A smart, sensual and witty novel about what happens when love and intellect are set on a collision course. This compact tour de force affirms Dionne Brand's place as one of Canada's most dazzling and influential artists.
Theory begins as its narrator sets out, like many a graduate student, to write a wildly ambitious thesis on the past, present, and future of art, culture, race, gender, class, and politics--a revolutionary work that its author believes will synthesize and thereby transform the world.
While our narrator tries to complete this magnum opus, three lovers enter the story, one after the other, each transforming the endeavour: first, there is beautiful and sensual Selah, who scoffs at the narrator's constant tinkering with academic abstractions; then altruistic and passionate Yara, who rescues every lost soul who crosses her path; and finally, spiritual occultist Odalys, who values magic and superstition over the heady intellectual and cultural circles the narrator aspires to inhabit. Each galvanizing love affair (representing, in turn, the heart, the head and the spirit) upends and reorients the narrator's life and, inevitably, requires an overhaul of the ever larger and more unwieldy dissertation, with results both humorous and poignant.
By effortlessly telling this short, intense tale in the voice of an unnamed, ungendered (and brilliantly unreliable) narrator, Dionne Brand makes a bold statement not only about love and personhood, but about race and gender--and what can and cannot be articulated in prose when the forces that inhabit the space between words are greater than words themselves.
A gorgeous, profoundly moving, word- and note-perfect novel of ideas that only a great artist at the height of her powers could write.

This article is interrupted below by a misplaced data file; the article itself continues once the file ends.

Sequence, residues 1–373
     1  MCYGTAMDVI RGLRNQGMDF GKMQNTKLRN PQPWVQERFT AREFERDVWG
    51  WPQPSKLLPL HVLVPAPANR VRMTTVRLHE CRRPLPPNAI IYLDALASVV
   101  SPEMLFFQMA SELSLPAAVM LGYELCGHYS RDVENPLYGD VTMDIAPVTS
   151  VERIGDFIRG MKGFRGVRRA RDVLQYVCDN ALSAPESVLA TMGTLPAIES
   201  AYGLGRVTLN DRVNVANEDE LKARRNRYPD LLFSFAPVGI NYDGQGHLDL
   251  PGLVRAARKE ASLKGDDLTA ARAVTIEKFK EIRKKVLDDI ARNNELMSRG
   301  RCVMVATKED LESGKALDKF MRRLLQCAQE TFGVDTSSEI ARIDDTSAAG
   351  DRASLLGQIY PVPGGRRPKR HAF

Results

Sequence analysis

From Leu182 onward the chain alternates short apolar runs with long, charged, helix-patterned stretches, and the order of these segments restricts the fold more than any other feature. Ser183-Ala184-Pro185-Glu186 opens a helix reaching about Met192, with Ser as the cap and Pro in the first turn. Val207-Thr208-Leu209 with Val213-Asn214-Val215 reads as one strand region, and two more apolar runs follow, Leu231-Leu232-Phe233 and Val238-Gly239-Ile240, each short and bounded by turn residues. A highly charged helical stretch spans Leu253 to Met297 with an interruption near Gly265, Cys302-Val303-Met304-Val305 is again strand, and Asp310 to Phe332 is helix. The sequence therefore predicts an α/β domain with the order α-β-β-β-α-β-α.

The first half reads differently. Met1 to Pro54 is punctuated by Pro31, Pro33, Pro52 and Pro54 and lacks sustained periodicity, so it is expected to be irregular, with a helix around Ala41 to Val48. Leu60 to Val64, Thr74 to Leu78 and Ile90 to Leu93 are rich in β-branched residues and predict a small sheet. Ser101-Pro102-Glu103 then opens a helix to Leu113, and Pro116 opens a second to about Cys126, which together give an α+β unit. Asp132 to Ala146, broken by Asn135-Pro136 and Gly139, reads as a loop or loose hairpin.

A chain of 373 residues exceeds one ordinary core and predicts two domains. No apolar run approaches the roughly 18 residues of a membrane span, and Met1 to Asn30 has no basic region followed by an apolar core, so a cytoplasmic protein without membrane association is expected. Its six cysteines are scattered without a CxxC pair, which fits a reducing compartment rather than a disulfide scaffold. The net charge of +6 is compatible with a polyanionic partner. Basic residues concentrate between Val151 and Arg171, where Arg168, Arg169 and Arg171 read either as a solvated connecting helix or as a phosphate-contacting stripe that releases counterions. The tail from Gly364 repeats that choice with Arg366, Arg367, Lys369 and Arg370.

DIONNE BRAND's literary credentials are legion. Her most recent book of poetry, Ossuaries, won the Griffin Poetry Prize; her nine others include winners of the Governor General's Literary Award, the Trillium Book Award and the Pat Lowther Memorial Award. Her novel In Another Place, Not Here was selected as a NYT Book Review Notable Book and a Best Book by the Globe and Mail; At the Full and Change of the Moon was selected a Best Book by the LA Times and What We All Long For won the Toronto Book Award. In 2006, Brand was awarded the Harbourfront Festival Prize for her contribution to the world of books and writing, and was Toronto's Poet Laureate from 2009 to 2012. In 2017, she was named to the Order of Canada. Brand is a Professor in the School of English and Theatre Studies at the University of Guelph. She lives in Toronto.
“Full of wry humour and biting critique, Theory is a masterful work from a writer who still knows how to have fun.” —The Globe and Mail
"What Brand does so adeptly in this book is reveal how the many layers of power and personality destroy romantic partnerships, stress familial bonds and muzzle intellectual potential. . . . Theory is a book for those who are intrigued by how a brilliant thinker approaches lost love, unmet potential and unreliable narration. But if none of that appeals to you, Brand’s gorgeous prose and sly humour will definitely win you over.” —Toronto Star
“Theory is a novel for the ages, a pirouetting inquiry into how we struggle, weep, deny, and love our way towards each other and into the arms of knowledge. Full of wit and unsettling acuity, driven by intellectual and physical passions, Dionne Brand’s new novel is a masterpiece.” —Madeleine Thien, author of Do Not Say We Have Nothing, winner of the 2016 Scotiabank Giller Prize
"Theory marks Dionne Brand’s latest accomplishment in exquisitely attuning both thought and language to the sublime of everyday life. ‘There’s no reference for what I want to do,’ the narrator states; and herein begins a bold new story . . . By turns wry, passionate, and sensuously intellectual, Theory is a book of singular power from one of our greatest living writers.” —David Chariandy, author of Brother and I’ve Been Meaning to Tell You